Not many things are guaranteed in life, but the power of technology to disrupt our lives is one that is.
Whether we look at the creation of the first personal computer in the 60s, the arrival of the World Wide Web in the 80s, or the smartphone connected world we now occupy; digital technology has profoundly changed the way we work, live, play and learn for the past 50 years, and the evolution isn’t easing up.
Digital disruption has the potential to reshape markets faster than perhaps any transition in history. Countries and organisations that do not drive their own digital business transformation will be left behind; we estimate 40 percent of industry incumbents will be displaced in the next five years due to failing to embrace technology appropriately.
As we move into an era of complete digitisation, where technology begins to connect everything - from people to processes, data to things - we need to rethink how we approach national infrastructure and the potential impact it can have on a nation’s productivity, through innovation, education and breaking down organisational silos.
Our commitment of $1bn investment in the UK over the next five years is to ensure that, as digital adoption accelerates, cutting edge infrastructure will increase UK GDP, reduce spending and create jobs.
It will allow the UK government to extend the reach and impact of public services by converting insights into action. It will enable new and diverse groups of entrepreneurs to build businesses that will reshape not only the UK but the world. It will provide more accessibility and opportunities for education and technology-based careers. Ultimately, it will mean the UK remains a digital leader on the global stage.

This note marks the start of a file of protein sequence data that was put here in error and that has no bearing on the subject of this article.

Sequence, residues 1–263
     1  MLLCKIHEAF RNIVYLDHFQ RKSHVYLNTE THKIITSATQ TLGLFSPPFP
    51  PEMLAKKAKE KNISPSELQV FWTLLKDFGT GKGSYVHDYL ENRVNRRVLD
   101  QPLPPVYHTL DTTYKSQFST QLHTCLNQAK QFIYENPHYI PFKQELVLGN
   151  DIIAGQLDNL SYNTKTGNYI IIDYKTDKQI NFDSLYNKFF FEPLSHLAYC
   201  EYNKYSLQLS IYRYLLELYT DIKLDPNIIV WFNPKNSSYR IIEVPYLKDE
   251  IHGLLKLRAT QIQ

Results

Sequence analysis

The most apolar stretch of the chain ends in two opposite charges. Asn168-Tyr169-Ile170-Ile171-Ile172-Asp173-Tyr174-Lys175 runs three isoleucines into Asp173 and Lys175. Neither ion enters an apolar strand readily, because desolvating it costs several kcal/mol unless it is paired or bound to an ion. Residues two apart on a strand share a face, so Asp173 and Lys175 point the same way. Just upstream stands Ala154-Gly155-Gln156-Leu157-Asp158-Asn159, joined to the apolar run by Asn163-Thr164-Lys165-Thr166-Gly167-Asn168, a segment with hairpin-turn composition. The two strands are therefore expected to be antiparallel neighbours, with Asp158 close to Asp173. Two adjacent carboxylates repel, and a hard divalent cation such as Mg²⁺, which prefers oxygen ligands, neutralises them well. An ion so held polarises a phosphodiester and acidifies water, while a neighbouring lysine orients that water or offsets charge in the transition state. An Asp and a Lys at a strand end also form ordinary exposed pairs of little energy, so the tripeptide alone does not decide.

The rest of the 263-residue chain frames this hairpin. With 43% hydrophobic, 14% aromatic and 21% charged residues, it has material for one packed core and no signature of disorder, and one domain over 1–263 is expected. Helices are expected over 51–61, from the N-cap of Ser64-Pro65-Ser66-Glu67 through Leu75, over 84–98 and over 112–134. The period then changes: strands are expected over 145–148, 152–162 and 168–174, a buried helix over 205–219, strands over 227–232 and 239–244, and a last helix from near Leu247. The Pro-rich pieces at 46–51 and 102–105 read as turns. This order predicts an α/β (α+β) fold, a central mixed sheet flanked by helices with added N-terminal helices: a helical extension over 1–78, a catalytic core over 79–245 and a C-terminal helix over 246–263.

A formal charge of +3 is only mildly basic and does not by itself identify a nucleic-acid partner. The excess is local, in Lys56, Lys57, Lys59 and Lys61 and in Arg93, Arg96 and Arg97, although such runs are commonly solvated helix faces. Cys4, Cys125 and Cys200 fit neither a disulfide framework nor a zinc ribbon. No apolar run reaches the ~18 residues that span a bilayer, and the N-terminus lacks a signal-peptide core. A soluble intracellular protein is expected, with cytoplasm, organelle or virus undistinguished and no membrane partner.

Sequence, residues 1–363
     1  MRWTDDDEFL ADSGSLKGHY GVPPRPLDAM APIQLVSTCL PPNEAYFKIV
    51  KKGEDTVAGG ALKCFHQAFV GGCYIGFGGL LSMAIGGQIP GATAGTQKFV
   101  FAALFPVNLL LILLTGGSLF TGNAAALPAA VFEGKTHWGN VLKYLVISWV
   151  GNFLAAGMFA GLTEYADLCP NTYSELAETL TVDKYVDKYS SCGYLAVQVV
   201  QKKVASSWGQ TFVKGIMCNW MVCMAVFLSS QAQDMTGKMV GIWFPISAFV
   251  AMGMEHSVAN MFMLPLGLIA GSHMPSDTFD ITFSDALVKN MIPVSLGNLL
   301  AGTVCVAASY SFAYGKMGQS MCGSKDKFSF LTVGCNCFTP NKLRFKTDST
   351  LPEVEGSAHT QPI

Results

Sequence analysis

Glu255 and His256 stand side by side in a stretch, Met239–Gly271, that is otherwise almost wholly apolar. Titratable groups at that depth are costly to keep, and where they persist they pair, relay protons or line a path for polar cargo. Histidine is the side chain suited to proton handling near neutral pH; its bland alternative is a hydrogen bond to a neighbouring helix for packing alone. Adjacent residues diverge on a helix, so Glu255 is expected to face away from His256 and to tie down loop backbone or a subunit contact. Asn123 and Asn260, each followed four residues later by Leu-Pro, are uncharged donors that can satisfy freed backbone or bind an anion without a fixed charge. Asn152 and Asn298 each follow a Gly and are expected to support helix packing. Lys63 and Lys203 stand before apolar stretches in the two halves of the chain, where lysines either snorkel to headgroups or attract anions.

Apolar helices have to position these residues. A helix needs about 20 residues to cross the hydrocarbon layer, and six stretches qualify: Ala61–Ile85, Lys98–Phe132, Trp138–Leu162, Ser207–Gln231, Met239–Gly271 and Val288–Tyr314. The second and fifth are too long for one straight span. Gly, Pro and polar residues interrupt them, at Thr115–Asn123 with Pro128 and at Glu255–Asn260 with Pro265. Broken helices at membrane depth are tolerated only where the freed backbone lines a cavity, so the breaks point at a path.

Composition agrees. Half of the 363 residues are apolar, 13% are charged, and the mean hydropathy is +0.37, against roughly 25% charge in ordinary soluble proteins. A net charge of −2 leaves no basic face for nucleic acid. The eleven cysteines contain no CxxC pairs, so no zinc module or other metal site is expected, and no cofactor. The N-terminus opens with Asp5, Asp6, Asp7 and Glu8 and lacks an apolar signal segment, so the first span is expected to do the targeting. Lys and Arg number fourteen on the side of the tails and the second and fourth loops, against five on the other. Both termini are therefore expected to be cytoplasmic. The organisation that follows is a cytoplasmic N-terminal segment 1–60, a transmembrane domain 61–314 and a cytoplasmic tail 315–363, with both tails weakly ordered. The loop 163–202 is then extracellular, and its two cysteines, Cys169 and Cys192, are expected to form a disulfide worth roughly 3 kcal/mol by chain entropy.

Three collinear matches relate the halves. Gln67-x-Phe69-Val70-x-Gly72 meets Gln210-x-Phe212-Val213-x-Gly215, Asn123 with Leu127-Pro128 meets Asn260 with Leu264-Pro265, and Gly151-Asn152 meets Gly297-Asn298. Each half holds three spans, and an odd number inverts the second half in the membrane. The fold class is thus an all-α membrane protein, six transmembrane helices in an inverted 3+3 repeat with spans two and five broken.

Whilst investment in technical infrastructure and R&D are vital to ensure UK businesses, and we as a nation collectively, disrupt digitally, the same emphasis of time and money must also be placed on the development of the required STEM (science, technology, engineering and maths) skills.
By 2020, 900,000 further tech jobs will be required across the EU every year, undoubtedly a significant gap to fill, but through collaboration between government, business and educators it can be achieved.
To embrace digital, we must re-educate the educators, and work to change the perception of how a job in technology is perceived by young people; making it less about coding and more the capabilities of technology to reinvent business and society at large.
As the digital opportunities grow we must ensure that the required skills are being developed nationwide, whether this is through collaborations between business and education institutions, investment in innovation incubators or the implementation of the appropriate infrastructure.
The future is not just full of technological possibilities… it is full of technological inevitabilities. But by building the right digital ecosystem over the next five years and beyond, we’re confident the UK and its businesses can remain ahead of the curve and continue to disrupt.